Regarding the number of deaths in the famine, anti-North Korean polemicists claim that 3-4 million people died. Fine, they can claim that all they want but they need to prove it. The Asian Development Bank says that 500,000 died*. Others put the figure at 600,000.

It was a terrifying, nightmarish time and the horror stories from the era seem for the most part to be true.

It is useful to note that even at the worst of the starvation in the 1990′s, the rate and degree of infant mortality, starvation and malnutrition per 1000 people only began to approach, but did not reach or surpass, the same rate as India experiences day in, day out, every single year, including this one.

So, what happened in North Korea from 1995-1997 has continued to occur on a greater scale and to the same degree every year since then in India. So how come we don’t hear how India starves its people? It should be noted that the regime has not been able to feed its people for the last 10 years and 40% of the youngest generation are stunted from malnutrition.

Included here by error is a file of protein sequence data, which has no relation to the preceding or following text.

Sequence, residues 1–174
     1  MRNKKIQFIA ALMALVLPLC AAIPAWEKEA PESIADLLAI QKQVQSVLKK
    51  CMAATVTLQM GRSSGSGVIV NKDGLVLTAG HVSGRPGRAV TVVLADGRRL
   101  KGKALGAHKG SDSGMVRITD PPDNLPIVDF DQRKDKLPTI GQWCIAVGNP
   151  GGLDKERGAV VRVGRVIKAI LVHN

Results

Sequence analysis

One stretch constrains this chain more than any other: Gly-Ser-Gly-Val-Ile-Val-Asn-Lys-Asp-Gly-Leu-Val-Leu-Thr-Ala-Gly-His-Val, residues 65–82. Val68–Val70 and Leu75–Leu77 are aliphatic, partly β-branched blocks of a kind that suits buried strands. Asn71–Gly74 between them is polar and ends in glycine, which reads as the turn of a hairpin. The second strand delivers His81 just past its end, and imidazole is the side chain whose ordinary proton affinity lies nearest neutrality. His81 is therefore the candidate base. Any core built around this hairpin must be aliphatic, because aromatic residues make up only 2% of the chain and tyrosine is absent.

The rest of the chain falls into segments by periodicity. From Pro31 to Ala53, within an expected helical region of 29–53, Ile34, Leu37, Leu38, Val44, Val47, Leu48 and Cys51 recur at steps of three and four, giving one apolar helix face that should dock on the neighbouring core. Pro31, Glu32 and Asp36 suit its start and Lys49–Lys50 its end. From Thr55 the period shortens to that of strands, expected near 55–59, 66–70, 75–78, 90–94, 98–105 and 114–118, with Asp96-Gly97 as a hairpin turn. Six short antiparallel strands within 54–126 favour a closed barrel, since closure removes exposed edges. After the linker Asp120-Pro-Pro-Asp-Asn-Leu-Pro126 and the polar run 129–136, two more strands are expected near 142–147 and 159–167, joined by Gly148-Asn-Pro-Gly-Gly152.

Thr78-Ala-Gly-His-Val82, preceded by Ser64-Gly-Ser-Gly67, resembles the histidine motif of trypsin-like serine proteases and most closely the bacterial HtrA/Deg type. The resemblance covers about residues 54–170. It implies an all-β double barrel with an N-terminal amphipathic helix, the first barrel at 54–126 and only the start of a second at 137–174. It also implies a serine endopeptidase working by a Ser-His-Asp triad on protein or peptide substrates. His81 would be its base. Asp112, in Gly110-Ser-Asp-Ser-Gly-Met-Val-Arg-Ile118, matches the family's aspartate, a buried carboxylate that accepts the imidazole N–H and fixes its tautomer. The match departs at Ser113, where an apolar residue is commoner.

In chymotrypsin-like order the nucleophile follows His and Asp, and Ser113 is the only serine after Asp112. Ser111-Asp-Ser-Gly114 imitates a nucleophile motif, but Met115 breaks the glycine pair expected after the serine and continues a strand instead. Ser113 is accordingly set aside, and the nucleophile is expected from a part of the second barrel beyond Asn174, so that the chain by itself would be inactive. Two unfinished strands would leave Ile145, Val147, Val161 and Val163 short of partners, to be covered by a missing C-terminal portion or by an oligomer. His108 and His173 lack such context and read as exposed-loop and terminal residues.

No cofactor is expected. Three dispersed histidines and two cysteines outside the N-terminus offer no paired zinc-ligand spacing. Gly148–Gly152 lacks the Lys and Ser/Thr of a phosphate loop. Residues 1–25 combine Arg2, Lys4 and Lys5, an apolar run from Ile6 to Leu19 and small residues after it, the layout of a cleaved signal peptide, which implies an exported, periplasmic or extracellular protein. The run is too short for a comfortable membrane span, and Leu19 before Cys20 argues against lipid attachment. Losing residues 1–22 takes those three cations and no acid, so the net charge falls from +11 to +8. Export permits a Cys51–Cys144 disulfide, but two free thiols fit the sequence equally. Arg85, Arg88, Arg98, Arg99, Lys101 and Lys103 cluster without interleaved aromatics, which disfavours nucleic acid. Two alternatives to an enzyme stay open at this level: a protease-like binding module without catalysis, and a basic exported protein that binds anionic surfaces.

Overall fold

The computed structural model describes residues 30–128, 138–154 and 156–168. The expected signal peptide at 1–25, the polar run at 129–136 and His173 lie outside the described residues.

North Korea has liberated women to a radical degree – there are more college-educated women than men. The regime does an excellent job of taking care of orphans (especially) and children in general.

There are many orphans. – 30% of the population of North Korea was killed in the war, mostly by US carpet bombing, often with napalm, that was frankly terrorist warfare – a devastation comparable in degree to those experienced by Poles, Russians and World Jewry in World War 2.

The US, under Curtis LeMay, destroyed just about every city and town in North Korea, often with blatant napalming of entire cities. When napalm was invented in 1945, no one imagined that it would be used wholesale against entire cities.

As early as 1952, almost every civilian in North Korea was living in either a cave or a tunnel. There are still a huge number of orphans – if you meet North Koreans, you will find that almost everyone lost at least one relative in the war.

North Korea has excellent in the treatment of the handicapped – sending them to the many special schools and programs that are set up for them, finding employment for them and making special efforts to find them marriage partners.